Cheryl St. John–August Full Moon Guest!

When Sherri Shackelford and I made plans to go to New York for the Writers Digest Conference it seemed like a long time away, but our departure day was upon us before we knew it. Thank goodness we had the foresight to plan and purchase tickets in advance for the things we wanted to see and do, because priority lines were a snap, while others were impossibly long. Those impulsively deciding to go on a statue cruise waited hours, while we got right on the ferry.

For Nebraska girls, New York City was like another world, filled with scurrying people, cabs, buses and strollers, all vying to be first. Our introduction to the city couldn’t have been better, because two handsome young men picked us up and gave us history and geology lessons while dodging traffic like pros. I never knew Manhattan was built entirely on solid granite, except for one strip of marshland, which is The Village. The granite was clearly visible in Central Park as well as in the foundations of the Twin Towers, which remain on display at the 9-11 museum.

After the hustle and bustle of Times Square, Rockefeller Center and Grand Central Station, the 9-11 memorial was the quietest place in New York. I was especially thankful to see it opening this past Spring, knowing I’d be able to visit. There isn’t a person over 15 or 16 who doesn’t remember that day vividly. The images are familiar. The atmosphere is respectful.

The city truly never sleeps, and has a heartbeat all its own. We’ve already made plans to return. We stood on Ellis Island, where millions of immigrants entered on their way to new lives in America. We touched the names on the reflection pool which honors all those killed in the cruelest act of terrorism our country has known. We walked the streets where Funny Girl, Saturday Night Fever, Ghostbusters and You’ve Got Mail, among many, many other iconic movies were filmed. We listened to street musicians and saw a Broadway Show, ate at The Four Seasons, sat in Irish pubs, chatted with New Yorkers in delis, got separated at the top of 30 Rock, even bought metro cards took the subway, and those experiences only whetted our appetites for more.

Writers Digest plans an extremely well-organized and professional conference with a lot of energy and information. It was held in the historic Roosevelt Hotel on 45th & Madison. Agents and editors took pitches, which they call Pitch Slam. My editor was on a panel the first evening. The workshops I gave were well attended, and it was especially fun to read all the tweets containing quotes afterward. I learned all about metadata and amazon keywords and soaked in info on using social media to my advantage. In an atmosphere different than I’m used to at other conferences, I met writers from all over and enjoyed hearing their stories and about their writing. There’s nothing like getting a bunch of writers together. We get each other in a way no one else does. This was my first conference as a Writers Digest author, and I thoroughly enjoyed the experience.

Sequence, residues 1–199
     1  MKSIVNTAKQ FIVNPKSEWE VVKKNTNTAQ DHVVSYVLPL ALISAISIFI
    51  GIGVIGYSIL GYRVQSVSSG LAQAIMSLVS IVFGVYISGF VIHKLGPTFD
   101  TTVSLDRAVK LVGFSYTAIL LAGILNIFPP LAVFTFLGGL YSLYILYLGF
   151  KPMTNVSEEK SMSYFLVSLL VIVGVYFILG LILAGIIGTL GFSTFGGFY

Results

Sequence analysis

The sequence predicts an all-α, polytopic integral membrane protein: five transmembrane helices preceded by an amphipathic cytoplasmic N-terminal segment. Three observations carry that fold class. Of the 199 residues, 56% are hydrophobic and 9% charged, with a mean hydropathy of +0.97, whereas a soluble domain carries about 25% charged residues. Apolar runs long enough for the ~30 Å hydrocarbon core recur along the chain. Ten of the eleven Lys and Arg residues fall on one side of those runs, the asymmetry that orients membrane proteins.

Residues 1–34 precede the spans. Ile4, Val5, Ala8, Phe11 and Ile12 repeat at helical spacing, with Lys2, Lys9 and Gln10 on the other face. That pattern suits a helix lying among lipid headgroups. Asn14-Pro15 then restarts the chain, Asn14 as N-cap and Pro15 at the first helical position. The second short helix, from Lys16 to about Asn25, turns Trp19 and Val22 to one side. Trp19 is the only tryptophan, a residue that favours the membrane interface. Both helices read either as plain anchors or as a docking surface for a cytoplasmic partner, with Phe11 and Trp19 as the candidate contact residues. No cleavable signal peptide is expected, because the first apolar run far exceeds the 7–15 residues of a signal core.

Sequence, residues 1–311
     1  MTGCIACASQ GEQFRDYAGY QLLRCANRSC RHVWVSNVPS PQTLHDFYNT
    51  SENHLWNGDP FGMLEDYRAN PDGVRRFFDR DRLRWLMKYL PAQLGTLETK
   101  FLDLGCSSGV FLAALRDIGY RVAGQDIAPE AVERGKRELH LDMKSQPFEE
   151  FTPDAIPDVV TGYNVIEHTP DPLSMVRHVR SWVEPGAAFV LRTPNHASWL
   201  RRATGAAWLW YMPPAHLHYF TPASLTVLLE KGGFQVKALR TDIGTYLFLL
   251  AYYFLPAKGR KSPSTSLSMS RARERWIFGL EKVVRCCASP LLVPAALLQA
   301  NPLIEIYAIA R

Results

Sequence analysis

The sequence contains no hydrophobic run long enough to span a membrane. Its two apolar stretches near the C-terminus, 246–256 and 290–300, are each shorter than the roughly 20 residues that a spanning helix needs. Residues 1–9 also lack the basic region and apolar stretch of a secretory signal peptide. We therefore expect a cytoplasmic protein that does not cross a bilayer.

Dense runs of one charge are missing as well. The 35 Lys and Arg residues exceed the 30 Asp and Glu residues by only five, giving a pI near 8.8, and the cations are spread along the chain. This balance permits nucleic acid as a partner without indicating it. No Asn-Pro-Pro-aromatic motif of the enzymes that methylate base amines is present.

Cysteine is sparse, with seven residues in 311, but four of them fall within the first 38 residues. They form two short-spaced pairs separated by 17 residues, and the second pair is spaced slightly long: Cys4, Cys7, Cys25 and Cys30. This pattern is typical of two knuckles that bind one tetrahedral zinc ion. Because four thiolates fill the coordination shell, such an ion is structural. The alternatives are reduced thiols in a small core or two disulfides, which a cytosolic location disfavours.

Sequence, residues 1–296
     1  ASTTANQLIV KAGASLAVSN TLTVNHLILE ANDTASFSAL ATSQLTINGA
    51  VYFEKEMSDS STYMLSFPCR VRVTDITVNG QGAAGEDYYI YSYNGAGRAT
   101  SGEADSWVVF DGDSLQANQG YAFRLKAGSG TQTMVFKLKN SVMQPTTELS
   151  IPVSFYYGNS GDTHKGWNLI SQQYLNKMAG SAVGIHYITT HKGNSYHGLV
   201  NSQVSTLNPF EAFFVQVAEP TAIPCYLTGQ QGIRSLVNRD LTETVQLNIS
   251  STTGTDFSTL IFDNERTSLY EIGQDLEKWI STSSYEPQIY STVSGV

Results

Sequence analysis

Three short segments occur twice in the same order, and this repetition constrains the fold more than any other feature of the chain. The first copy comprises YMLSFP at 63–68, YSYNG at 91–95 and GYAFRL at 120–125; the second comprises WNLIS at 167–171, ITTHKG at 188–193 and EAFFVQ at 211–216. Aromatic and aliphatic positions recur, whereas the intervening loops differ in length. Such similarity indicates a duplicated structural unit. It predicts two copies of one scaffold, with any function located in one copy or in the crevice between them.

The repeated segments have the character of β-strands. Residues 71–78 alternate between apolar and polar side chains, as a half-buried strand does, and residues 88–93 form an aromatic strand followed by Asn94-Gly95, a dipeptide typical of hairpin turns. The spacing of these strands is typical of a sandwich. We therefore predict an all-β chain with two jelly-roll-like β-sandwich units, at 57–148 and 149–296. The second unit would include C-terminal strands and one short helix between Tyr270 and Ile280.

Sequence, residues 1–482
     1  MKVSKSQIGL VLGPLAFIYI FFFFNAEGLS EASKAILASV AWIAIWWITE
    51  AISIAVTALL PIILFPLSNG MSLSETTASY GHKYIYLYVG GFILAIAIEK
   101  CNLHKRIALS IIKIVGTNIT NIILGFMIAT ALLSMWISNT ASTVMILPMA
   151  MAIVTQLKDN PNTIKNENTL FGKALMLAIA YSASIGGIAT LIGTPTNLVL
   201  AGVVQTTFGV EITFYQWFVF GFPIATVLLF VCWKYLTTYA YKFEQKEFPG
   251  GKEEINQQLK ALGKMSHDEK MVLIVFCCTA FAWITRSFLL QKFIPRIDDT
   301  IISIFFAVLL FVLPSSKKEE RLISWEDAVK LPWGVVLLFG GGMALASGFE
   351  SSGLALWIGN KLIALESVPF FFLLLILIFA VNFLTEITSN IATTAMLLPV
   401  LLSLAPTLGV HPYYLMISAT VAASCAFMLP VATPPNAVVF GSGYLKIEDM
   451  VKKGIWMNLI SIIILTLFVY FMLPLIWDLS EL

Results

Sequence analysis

Cheryl St.John is the award-winning author of fifty Harlequin and Silhouette books, which include historical romance as well as contemporary.  She was a voracious reader and admits her early passion was for horror and true crime. Eventually she read Victoria Holt and Catherine Cookson, but one fateful day browsing the book section, she took a chance on a different genre and bought Hummingbird by LaVyrle Spencer, then promptly drove back to the store for The Rainbow Season by Lisa Gregory. She was immediately taken by historical romance, enthralled by Americana, the American West and hooked for life.

And so, when she got serious and decided to write a book, it was, of course, a romance. A very badly written and poorly plotted romance. But eventually she joined Romance Writers of America and her local chapter (then Romance Authors of the Heartland), Heartland Writers Group, and was fortunate to have the late Diane Wicker Davis as her first mentor.

Her book on writing, Writing With Emotion, Tension & Conflict, released by Writers Digest Books, is available in print and ebook.

Cheryl believes in paying it forward, and her some of her most rewarding experiences have been sharing in the successes of writers she has coached over the years.

Cheryl loves hearing from readers.
email her at:
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Cheryl St. John joins us Aug. 19th!

Meow, readers! I’m thrilled to tell you one of my all time favorite authors, Cheryl St. John, will be making a return visit to the Authors By Moonlight on August 19th. Cheryl will be sharing some photos and fun from her recent and exciting trip to New York City for the Writers Digest Conference. Be sure and check it out. And if you haven’t read one of Cheryl’s books, go now and get one. She writes purrrfectly wonderful books I can’t put down! See you on the 19th!

A Visit to Arbor Lodge—Home of Arbor Day

With the county fair over, and summer quickly winding down to the start date of school, we managed to sneak in a two-and-a-half day mini vacation. That’s not enough time to do very much, but after a very hectic spring and summer, it was better than nothing, and very welcome.

Where did we go? Well, our destination was Topeka, Kansas, for a weekend long horsemanship clinic with renowned Aussie horseman Clinton Anderson during his Walkabout Tour. It was wonderful, and I’ll share more in my next post, but for today, I’m going to share about our very short visit to Arbor Lodge in Nebraska City where we stopped en route to Topeka. I’ve lived in Nebraska my entire life and I’ve never had the chance to visit Arbor Lodge. I wish we would have had more time, but I managed to squeeze in quite a bit.

The long bricked driveway with canopy of trees leading to the mansion.